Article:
For the rest of us, it fell a bit short.Dec 28, '17I have no financial credentials. Kudos to the OP to try and bring up a difficult subject people don't want to talk about. But I think OP is actually referring to "F-you money." Why you need F-you money I would define financial independence as not having to trade your time for money any longer.
I think this is a truly important topic for nurses, a majority female profession, especially considering the following: women on average take more time off from work years to raise children, there are more single female parent households than single male, women have a longer life expectancy than men, less than half of American women participate in a retirement savings plan, among other things.
But I think I would do it like this. There is no one size fits all. In a nut shell. Caveats: This will be difficult especially for single parent household, lower middle class and below incomes.
1. Write down your budget. The first step is to know how much you need to spend. This will identify where your money should go. Also write down debts and interest rates for these.
2. Track your income and write down where your money actually goes. Every penny. That morning coffee can add up. This is where you can pair up your actual budget to the ideal you wrote down in step one. Give you something to work on.
3. Build your emergency fund. This can take time. Many middle class Americans don't have $1000 cash they can retrieve at a moments notice. The old standard for an emergency fund was to save 3 months of your budget. After the 2008 crash, "experts" were recommending 6-12 months of your budget saved. It's different for everyone though- have liquid assets to a level you're comfortable. It depends on many factors. Will you use a credit card as an emergency fund? Is your job rock solid? Are you healthy? Do you have dependents? Because where would you be if you hurt your back tomorrow? Your car dies? You break your leg? Your hospital went on strike for two months?
4. Pay off the high interest rate debt first. The average American credit card debt in 2017 was $8377. How much the average US family has in credit card debt Use your budget and money tracking to find money gaps you can use to pay this off. Then go down your list, highest to lowest interest rate. Some argue that it's cheaper to continue making small payments for interest rates below 5% than paying it off. Some also prefer to put more money into their mortgage. It's up to you.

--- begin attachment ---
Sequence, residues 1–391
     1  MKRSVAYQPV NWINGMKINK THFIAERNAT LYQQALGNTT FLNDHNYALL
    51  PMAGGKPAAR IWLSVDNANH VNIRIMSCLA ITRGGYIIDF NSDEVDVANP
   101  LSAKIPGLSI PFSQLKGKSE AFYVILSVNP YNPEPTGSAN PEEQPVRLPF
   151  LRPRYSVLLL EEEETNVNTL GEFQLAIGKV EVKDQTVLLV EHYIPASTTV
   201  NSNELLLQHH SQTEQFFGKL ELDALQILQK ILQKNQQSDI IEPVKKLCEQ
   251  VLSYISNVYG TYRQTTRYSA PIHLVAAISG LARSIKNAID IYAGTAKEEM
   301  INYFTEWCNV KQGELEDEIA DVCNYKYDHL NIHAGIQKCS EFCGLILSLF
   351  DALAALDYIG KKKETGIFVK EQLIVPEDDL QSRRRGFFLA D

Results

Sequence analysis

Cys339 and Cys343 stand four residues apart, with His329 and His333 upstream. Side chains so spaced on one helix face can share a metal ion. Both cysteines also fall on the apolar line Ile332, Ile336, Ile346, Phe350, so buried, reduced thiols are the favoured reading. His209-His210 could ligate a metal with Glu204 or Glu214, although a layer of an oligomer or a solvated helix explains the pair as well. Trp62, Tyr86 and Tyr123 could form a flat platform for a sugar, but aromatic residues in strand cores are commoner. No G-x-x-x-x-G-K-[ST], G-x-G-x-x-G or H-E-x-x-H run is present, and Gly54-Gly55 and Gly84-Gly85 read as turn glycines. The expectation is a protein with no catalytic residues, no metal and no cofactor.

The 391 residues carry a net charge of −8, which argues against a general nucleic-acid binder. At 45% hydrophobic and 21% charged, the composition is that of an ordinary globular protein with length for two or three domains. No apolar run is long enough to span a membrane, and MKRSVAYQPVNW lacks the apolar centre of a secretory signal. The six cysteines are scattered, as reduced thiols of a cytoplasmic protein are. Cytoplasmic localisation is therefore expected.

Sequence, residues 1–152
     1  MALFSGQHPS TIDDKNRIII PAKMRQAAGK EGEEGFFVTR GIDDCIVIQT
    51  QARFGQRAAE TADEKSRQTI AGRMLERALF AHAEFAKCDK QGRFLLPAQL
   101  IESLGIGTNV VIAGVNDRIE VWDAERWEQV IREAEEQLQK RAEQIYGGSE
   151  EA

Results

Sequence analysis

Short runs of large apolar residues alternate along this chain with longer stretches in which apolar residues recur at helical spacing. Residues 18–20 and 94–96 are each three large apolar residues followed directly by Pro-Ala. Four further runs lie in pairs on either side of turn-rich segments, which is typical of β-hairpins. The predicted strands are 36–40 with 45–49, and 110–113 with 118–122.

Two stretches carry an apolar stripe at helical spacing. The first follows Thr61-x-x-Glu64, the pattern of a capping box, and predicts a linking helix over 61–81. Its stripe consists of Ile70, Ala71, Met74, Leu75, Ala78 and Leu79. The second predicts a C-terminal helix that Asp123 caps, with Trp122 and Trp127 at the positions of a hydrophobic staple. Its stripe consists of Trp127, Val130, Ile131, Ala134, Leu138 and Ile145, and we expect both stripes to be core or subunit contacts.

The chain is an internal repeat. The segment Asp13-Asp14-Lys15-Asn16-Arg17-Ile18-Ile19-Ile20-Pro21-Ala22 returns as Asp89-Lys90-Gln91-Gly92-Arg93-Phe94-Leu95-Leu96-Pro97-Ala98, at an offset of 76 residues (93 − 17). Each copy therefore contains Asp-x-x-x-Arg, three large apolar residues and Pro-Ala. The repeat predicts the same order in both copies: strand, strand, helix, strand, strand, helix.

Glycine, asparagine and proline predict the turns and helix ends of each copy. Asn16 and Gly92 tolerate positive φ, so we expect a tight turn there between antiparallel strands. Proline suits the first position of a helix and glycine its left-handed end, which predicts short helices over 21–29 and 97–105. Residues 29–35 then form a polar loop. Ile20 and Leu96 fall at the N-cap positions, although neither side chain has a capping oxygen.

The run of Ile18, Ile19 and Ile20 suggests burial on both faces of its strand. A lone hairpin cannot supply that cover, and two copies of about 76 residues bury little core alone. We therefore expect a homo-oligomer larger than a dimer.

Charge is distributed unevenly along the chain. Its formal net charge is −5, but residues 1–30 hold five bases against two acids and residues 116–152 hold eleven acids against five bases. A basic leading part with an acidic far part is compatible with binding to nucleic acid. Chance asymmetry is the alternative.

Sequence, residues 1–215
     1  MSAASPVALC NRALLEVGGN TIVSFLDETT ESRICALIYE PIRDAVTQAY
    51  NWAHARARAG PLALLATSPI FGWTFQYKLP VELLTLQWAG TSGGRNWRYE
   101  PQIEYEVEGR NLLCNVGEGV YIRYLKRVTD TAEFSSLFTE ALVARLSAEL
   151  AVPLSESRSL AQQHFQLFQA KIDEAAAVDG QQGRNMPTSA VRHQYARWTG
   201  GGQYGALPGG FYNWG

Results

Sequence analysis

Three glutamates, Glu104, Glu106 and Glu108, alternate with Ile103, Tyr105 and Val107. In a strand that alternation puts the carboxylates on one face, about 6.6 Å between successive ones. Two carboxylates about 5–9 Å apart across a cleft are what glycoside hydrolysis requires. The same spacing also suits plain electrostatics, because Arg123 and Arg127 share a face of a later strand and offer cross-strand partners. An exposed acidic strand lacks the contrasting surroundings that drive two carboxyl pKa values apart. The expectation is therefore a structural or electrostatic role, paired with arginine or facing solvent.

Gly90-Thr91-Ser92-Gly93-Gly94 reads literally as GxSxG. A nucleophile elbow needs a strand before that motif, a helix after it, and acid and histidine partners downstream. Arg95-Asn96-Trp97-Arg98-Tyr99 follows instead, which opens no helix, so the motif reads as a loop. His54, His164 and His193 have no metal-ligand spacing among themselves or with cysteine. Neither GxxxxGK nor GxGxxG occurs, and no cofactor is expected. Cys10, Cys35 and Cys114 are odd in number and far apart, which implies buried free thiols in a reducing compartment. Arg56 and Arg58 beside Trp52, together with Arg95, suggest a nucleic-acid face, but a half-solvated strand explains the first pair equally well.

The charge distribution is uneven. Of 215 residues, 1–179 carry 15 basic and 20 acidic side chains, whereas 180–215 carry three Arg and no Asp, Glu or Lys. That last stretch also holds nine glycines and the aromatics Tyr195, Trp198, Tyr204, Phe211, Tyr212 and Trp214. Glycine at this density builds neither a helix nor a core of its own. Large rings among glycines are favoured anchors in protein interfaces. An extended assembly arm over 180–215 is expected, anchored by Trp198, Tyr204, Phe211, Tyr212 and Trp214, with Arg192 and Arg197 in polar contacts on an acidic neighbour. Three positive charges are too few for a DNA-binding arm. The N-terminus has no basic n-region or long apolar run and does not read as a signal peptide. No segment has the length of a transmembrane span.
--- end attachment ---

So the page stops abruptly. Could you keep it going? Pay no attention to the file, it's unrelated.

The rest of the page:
5. Put money into tax advantaged accounts. Maybe an HSA if you use that, 401k to your max contribution Roth/Traditional IRA.
Now you can either pay off other debts, lower interest rate student loans, invest the rest in a taxable account.
In a nutshell. There are more ins and outs once you're getting to steps 5 and beyond. Again, no one size fits all, but I think that's a good start. You don't have to eat dried ramen (unless you want to, yum!) but at least know where your money is going and have a active role in your money management. Or ignore it and become a statistic when you get to retirement age. Better now before the economy has a correction....
See Your Money or Your Life: 9 Steps to Transforming Your Relationship with Money and Achieving Financial Independence: Revised and Updated for the 21st Century: Vicki Robin, Joe Dominguez, Monique Tilford: 978 143115762: Amazon.com: Books
Amazon.com: the simple path to wealth: BooksDec 28, '17I definitely agree with the previous posters. This article contains a lot of bad financial advice -- and the author cites no sources or credentials.Dec 29, '17I like having an "FU" or freedom savings account so you are not trapped in a bad job or left destitute if you end up laid up or laid off. I started my Roth IRA for just those reasons. Hopefully I won't need to use it till retirement, but it's good to know I have options.
I wouldn't advise leaving your job without having another one lined up.
While it would be best to be debt free, many of us aren't and still need to juggle debt repayment while starting a new job or career. It's a good idea to take out a HELOC if you have home equity to provide a bridge of cash if you think you might be facing a job loss or pay cut. It will give you added financial flexibility till you can get on your feet.
In these days it is not always burnout, but for many in administration, management, and education they are losing their jobs thru layoffs and corporate restructuring ie "downsizing" so it's good to be as prepared as you can to deal with a cut in pay for whatever reason.Dec 30, '17One would still need to work while exploring another career or have someone to help financially. Having a steady income is crucial because bills unfortunately doesn't stop.